Lesson PlansBack to lesson plans archive August 14, 2013
The 50th Anniversary of the March on Washington Lesson Plan: A History of Discrimination and Its Consequences
by Katie Gould, Teacher Resource Producer for NewsHour Extra
Government & Civics, Social Issues, History and Social Studies
One 90 minute class period
Middle and High School
Warm Up Activity
How do families achieve the American Dream?
Part of the American Dream is the idea that if you work really hard then your children will have a “better” life than you, their children will have a better life than them and so on down each generation. This idea specifically means that each generation will have more opportunities offered to them than the previous generation, and therefore can enjoy a better quality life. Think about this part of the “Dream,” how it becomes a reality, and for whom.
- Pose these questions to students in small groups:
- How exactly does this part of the American Dream happen?
- What must one generation do to help the next be “better off”?
- What must they accumulate or accomplish to become wealthier than the last generation?
Example answers are:
- access to good education from preschool to college and beyond- like medical school, and law school
- the ability to buy or rent a home in a safe neighborhood
- enough money to be able to make purchases like healthy food, clothes, technology
- enough money to pay for health care
- the ability to vote and elect people who will protect your rights and share your values
- the ability to own your own business
- the ability to get a loan from a bank for high cost items like homes, cars, and college.
- Ask students to write down their answers on large sheets of paper and then tape them to the board.
- Review their answers aloud. Mark answers that apply to many people with a capital “M” and answers that apply to a very few people with a lower case “f”. For example, inheriting genes that will make you a professional athlete, or inheriting millions of dollars from your parents typically happen to relatively few people so it gets a small “f”. The ability to get a loan to buy a house in a safe neighborhood is something that most people are legally allowed to do- gets a big “M”.
*Explain to students that these are like rungs on a ladder that one uses to climb towards the top of society. If certain rungs are missing it may be very difficult or even possible to climb to the top. Have them keep this in mind during the next activity.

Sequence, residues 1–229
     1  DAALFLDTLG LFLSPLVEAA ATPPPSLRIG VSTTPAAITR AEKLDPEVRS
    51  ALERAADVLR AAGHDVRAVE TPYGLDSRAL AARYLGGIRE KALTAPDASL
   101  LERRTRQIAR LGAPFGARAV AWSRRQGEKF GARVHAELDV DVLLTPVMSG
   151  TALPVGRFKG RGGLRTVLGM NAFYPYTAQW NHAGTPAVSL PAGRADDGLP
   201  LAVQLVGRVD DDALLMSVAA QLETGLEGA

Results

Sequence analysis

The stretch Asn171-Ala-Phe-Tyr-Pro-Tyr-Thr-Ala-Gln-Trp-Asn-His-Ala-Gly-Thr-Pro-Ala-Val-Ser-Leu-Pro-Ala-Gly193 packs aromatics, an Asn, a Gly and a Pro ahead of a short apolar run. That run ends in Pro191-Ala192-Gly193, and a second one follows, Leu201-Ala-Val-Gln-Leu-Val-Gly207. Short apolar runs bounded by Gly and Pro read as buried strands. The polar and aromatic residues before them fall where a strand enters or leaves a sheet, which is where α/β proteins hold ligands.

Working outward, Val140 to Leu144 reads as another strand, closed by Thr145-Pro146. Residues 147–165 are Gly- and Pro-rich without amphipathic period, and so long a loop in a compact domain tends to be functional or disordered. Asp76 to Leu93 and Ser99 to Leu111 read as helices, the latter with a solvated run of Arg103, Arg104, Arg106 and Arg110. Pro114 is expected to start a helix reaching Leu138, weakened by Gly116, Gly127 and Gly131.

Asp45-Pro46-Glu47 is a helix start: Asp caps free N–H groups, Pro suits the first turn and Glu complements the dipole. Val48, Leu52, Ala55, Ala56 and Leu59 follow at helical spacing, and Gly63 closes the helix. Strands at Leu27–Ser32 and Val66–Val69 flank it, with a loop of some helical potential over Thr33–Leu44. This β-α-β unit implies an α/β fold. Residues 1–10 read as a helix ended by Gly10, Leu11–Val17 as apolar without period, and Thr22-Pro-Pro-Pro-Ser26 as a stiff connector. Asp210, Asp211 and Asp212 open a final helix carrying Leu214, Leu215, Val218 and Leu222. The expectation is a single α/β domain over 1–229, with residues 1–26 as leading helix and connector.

1. The Story of Two Families
- Put students in pairs and randomly assign them as either “Family A” or “Family B”.
- Give each individual student their respective sheet and ask them to follow along as you read through the lives of family A and B going all the way back five generations.
- As you read through important milestones, have students write down their best guess of either “yes” or “no” as it applies to their family.
- Read these instructions aloud to your students:
Think about your family and your family’s roots. For this exercise you are going to imagine that this is the story of your family starting with your great great great grandfather. That is five generations back! Listen as your teacher reads the answers to each statement and circle yes or no to mark whether this event could have happened in your family or not. While you are learning about your family’s history think about how these events shaped the life of your family from five generations ago and the consequences they had on your family all along their journey.
- After you have read through their family history reveal that for Family A all the answers will be “no”, and Family B all the answers will be “yes.”
- After revealing the answers ask the students to think about the following questions, discuss them with their partner and write their answers at the bottom of their paper:
- How hard or how easy it was for their family to “move up” from one generation to the next?
- What were some of the main rights that allowed or stopped your family from able to improve from one generation to the next?
2. The Interactive Timeline
The Civil Rights Movement did not begin suddenly in the 1960’s, nor was it a short battle. Even today, many civil rights hopes and objectives have still not been met.
The movement for African American civil rights and progress against racial discrimination grew over time through massive grassroots organization, a commitment to achieve racial equality through non-violence, legislative victories, brilliant leadership and collaboration and the sheer courage and determination of hundreds of thousands of participants. To understand the enormity of the famous March on Washington, we compiled a timeline of major civil rights events leading up to August 28, 1963.